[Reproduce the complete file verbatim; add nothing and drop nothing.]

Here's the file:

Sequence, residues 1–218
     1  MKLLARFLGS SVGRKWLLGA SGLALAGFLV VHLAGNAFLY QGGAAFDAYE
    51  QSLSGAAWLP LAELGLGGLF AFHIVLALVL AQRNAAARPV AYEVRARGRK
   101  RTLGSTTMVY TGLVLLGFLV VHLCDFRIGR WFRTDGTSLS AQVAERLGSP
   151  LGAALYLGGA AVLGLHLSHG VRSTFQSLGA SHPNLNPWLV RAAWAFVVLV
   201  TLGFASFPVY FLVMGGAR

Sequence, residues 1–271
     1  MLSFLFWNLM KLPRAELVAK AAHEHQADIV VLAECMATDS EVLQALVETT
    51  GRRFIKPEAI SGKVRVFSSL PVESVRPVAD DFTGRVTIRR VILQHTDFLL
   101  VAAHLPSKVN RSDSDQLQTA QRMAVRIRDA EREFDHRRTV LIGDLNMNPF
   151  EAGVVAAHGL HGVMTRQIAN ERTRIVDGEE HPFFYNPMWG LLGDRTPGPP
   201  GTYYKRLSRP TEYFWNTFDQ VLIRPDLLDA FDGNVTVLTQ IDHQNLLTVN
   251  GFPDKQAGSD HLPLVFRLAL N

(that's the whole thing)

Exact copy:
Sequence, residues 1–218
     1  MKLLARFLGS SVGRKWLLGA SGLALAGFLV VHLAGNAFLY QGGAAFDAYE
    51  QSLSGAAWLP LAELGLGGLF AFHIVLALVL AQRNAAARPV AYEVRARGRK
   101  RTLGSTTMVY TGLVLLGFLV VHLCDFRIGR WFRTDGTSLS AQVAERLGSP
   151  LGAALYLGGA AVLGLHLSHG VRSTFQSLGA SHPNLNPWLV RAAWAFVVLV
   201  TLGFASFPVY FLVMGGAR

Sequence, residues 1–271
     1  MLSFLFWNLM KLPRAELVAK AAHEHQADIV VLAECMATDS EVLQALVETT
    51  GRRFIKPEAI SGKVRVFSSL PVESVRPVAD DFTGRVTIRR VILQHTDFLL
   101  VAAHLPSKVN RSDSDQLQTA QRMAVRIRDA EREFDHRRTV LIGDLNMNPF
   151  EAGVVAAHGL HGVMTRQIAN ERTRIVDGEE HPFFYNPMWG LLGDRTPGPP
   201  GTYYKRLSRP TEYFWNTFDQ VLIRPDLLDA FDGNVTVLTQ IDHQNLLTVN
   251  GFPDKQAGSD HLPLVFRLAL N